Behavior Guidance

Dr. Julie and the staff at Explorer Pediatric Dentistry treat patients the same way we would want our own family members to be treated. Compassion and care are taken for you and your child to have a positive experience.

Dr. Julie delivers care in a safe environment, making sure you feel comfortable and understand all procedures. However, some patients exhibit behaviors that make it difficult or impossible to provide high-quality dental care. In this instance, you as the guardian and we as the dental professionals must come to an agreement about how to handle the behavior so that the necessary treatment can be delivered safely.

Uncooperative behaviors that can interfere with quality professional dental care can include: hyperactivity, resistive movements, refusing to open mouth or keep it open, and even aggressive or physical resistance to treatment, including but not limited to, hitting, biting, kicking, screaming, or grabbing the dentist’s or staff’s hands or instruments.

At Explorer Pediatric Dentistry, we want to teach the patients to have a lifetime of good dental experiences. Some patients may cry as part of this learning process. In the dental setting, we often find crying is usually not because of pain, but more often, crying can be a natural release of anxiety and/or an avoidance technique. All efforts will be made to help our patients cooperate by providing a kind, gentle and understanding environment. We try to use friendliness, persuasion, distraction, and humor as the first methods of helping your child have a good experience.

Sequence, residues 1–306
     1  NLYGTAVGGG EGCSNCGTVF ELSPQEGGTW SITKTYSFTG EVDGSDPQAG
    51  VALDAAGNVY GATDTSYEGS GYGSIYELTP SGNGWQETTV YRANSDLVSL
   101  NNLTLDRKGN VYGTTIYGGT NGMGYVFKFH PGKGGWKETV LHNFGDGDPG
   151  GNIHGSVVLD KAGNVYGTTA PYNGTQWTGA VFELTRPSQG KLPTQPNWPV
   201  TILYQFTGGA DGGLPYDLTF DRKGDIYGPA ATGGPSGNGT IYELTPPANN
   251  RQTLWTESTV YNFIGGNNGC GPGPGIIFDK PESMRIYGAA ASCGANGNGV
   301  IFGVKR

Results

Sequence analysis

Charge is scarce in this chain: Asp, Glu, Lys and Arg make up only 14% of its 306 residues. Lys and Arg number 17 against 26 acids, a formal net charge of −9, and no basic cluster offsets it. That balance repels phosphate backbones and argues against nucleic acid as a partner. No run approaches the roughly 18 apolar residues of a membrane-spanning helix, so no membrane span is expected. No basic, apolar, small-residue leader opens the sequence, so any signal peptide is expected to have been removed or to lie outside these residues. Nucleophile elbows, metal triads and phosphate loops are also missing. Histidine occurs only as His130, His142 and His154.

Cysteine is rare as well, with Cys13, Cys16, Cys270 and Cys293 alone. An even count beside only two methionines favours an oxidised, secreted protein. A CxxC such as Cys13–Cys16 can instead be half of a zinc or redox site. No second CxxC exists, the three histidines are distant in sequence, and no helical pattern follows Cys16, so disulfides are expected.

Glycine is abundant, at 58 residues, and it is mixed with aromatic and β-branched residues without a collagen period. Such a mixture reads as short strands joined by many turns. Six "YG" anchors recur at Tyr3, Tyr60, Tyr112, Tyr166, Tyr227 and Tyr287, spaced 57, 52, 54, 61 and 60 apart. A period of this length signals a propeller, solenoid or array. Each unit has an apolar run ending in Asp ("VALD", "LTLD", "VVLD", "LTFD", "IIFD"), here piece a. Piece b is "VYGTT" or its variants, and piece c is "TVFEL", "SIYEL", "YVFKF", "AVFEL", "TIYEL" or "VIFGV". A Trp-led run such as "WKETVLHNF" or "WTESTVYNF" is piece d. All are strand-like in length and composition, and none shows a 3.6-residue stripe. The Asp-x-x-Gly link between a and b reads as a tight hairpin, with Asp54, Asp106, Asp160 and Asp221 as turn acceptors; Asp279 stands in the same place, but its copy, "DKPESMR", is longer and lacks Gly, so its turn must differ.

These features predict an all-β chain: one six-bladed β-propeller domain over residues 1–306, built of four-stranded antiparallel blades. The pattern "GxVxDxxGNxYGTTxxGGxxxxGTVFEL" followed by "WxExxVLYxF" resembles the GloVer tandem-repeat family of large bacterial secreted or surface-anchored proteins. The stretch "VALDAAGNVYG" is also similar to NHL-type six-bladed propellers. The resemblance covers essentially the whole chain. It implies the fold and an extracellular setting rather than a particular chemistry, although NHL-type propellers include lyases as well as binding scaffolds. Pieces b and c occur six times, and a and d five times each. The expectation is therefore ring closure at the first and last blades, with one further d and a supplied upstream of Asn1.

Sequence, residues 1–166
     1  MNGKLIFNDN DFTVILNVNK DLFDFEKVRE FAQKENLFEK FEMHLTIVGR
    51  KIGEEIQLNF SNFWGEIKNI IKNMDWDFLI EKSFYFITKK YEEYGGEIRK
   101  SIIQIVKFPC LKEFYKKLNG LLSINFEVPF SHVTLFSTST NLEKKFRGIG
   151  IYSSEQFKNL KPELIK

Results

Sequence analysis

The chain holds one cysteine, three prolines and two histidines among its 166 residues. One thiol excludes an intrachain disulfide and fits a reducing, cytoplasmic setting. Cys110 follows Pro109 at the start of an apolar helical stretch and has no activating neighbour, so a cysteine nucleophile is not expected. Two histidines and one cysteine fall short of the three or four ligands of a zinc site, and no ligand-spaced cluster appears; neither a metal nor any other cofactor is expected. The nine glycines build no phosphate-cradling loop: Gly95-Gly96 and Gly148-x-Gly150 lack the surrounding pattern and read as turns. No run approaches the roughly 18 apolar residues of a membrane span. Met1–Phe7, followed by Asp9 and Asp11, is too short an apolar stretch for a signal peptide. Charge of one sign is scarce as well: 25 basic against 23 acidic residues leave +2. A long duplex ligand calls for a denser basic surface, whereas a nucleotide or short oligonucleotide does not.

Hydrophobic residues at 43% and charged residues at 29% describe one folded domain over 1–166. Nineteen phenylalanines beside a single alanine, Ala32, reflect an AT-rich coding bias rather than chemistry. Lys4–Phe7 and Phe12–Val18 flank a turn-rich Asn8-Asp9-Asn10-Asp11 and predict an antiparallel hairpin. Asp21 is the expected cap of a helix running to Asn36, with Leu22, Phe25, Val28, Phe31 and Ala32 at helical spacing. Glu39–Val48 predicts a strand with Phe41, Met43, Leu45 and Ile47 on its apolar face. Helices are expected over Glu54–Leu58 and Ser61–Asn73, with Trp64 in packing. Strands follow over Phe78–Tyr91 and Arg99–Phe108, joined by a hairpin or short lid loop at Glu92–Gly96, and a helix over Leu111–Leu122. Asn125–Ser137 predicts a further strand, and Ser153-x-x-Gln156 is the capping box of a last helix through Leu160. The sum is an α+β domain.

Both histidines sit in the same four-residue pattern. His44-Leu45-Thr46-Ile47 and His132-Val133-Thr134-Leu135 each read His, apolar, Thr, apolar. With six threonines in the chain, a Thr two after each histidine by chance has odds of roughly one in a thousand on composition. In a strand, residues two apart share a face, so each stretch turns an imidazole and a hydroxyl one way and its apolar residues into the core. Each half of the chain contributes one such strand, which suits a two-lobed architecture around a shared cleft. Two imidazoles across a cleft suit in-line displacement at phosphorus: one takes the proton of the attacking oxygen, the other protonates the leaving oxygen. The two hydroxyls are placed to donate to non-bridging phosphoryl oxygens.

In the event that these efforts do not work with your child, we may attempt other recognized behavior guidance and management techniques. All of our methods have a goal of safety, to prevent patients from causing injury to themselves. We hope to prevent any traumatic situations, which can cause a lifetime of dental anxiety. We may use any combination of the following recognized techniques individually tailored for each patient:

Tell, Show, Do

The patient is first told what is to be done, we use words and terms in their language that help explain the procedure. (Dr. Julie and her staff prefer descriptive words, such as “sleeping water” or “handpiece that sprays water and air.” They try to avoid words that cause anxiety, such as “shot”, “needle” and “drill” and recommend that parents and siblings avoid those words also!!)The patient is shown what is to be done on a dental model, finger, or other objects. Then the procedure is done exactly as told.

Positive Reinforcement

This technique rewards cooperative behavior. Rewards include praise, compliments, or a prize, etc. If there is something you have promised your child in reward of good behavior, please let Dr. Julie and her staff know, we love to work as a team with parents.

Stabilization by Parent and/or Dentist/Staff

If indicated and following verbal parental consent, holding the hands, legs, and/or upper body for reassurance and to prevent the patient from making sudden unsafe movements.